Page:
My worries are that even after manufacturing resumes in China– there will be further delays because of manufacturers need to supply pending orders. It will also face the hindrance of non-availability of raw-material and peripheral services after the pandemic and full fledge manufacturing resumes.
Transportation, cargo and customs will also face the challenges to meet the demand of time as they will have a sudden boom in manufacturing. If we see the reports and updates available on net- On average, manufacturers surveyed by different stakeholders associations have been told to expect three-to-four week delays from the suppliers, but as per my opinion and prevailing situation of market the average delays is about 8 weeks.
The $30 billion domestic smartphone market, world’s second largest now, will see major disruptions as it is heavily dependent on imports. Pandemic has the potential to affect bilateral trade worth about $87 billion. As per the analytics firm Dun & Bradstreet, at least 51,000, including 163 Fortune 1,000 companies around the world, have one or more direct (or tier-1) suppliers in the impacted region and at least five million companies have one or more tier-2 suppliers in and around the epicentre of the outbreak.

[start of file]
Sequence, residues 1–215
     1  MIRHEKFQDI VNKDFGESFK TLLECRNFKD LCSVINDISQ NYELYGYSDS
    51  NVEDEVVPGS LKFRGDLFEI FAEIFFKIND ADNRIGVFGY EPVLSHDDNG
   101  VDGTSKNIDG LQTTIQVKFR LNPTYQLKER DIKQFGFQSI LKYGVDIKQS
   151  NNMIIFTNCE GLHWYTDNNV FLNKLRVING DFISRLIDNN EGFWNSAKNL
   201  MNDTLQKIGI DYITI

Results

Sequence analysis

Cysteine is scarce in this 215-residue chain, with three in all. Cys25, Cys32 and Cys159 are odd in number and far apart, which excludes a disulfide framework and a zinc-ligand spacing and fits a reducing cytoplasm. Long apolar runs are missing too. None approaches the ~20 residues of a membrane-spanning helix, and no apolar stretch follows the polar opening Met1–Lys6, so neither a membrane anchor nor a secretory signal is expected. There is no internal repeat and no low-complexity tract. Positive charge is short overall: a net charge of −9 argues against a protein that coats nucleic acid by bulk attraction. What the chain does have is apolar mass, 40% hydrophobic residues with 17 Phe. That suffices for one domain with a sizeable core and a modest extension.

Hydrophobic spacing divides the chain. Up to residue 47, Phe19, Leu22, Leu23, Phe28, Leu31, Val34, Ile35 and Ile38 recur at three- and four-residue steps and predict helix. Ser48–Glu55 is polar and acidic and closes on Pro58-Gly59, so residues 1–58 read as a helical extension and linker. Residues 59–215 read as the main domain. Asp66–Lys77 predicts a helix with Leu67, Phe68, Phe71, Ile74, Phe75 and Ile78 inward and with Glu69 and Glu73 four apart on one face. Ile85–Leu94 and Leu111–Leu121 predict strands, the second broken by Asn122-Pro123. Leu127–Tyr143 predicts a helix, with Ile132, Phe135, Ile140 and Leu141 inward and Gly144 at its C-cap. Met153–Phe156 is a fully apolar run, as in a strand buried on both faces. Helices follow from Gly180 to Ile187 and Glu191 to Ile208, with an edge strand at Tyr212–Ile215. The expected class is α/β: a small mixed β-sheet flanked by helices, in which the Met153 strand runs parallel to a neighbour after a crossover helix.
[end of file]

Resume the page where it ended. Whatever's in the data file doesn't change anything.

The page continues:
Government should come up with a financial package for electronic sector. Internationally, many countries planning to bring bill aimed in part at helping industries struck by the pandemic. However, most of countries are directly benefitting the airlines and travel industries claiming that the number of passengers has drastically come down in the last fortnight after travel restrictions were imposed but we should understand that impact is universal and not alone for airlines and travel industry.
(The author is Mr Rajiv Batra, Managing Director, Rabyte Electronic Pvt Ltd, India)